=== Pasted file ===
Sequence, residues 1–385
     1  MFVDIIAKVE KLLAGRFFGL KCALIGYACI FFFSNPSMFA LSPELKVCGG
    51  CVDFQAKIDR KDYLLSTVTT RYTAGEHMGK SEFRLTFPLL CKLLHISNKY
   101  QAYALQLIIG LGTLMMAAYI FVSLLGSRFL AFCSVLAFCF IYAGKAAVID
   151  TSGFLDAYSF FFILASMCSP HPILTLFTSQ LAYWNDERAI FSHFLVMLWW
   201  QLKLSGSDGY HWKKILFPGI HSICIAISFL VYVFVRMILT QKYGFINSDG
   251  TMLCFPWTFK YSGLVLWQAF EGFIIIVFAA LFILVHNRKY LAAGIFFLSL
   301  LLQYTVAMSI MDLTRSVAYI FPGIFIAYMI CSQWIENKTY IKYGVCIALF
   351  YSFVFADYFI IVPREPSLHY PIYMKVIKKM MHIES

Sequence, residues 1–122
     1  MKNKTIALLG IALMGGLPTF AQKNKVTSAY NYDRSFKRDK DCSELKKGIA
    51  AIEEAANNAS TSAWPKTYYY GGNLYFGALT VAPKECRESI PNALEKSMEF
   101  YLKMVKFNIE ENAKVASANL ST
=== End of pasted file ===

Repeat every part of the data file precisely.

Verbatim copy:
Sequence, residues 1–385
     1  MFVDIIAKVE KLLAGRFFGL KCALIGYACI FFFSNPSMFA LSPELKVCGG
    51  CVDFQAKIDR KDYLLSTVTT RYTAGEHMGK SEFRLTFPLL CKLLHISNKY
   101  QAYALQLIIG LGTLMMAAYI FVSLLGSRFL AFCSVLAFCF IYAGKAAVID
   151  TSGFLDAYSF FFILASMCSP HPILTLFTSQ LAYWNDERAI FSHFLVMLWW
   201  QLKLSGSDGY HWKKILFPGI HSICIAISFL VYVFVRMILT QKYGFINSDG
   251  TMLCFPWTFK YSGLVLWQAF EGFIIIVFAA LFILVHNRKY LAAGIFFLSL
   301  LLQYTVAMSI MDLTRSVAYI FPGIFIAYMI CSQWIENKTY IKYGVCIALF
   351  YSFVFADYFI IVPREPSLHY PIYMKVIKKM MHIES

Sequence, residues 1–122
     1  MKNKTIALLG IALMGGLPTF AQKNKVTSAY NYDRSFKRDK DCSELKKGIA
    51  AIEEAANNAS TSAWPKTYYY GGNLYFGALT VAPKECRESI PNALEKSMEF
   101  YLKMVKFNIE ENAKVASANL ST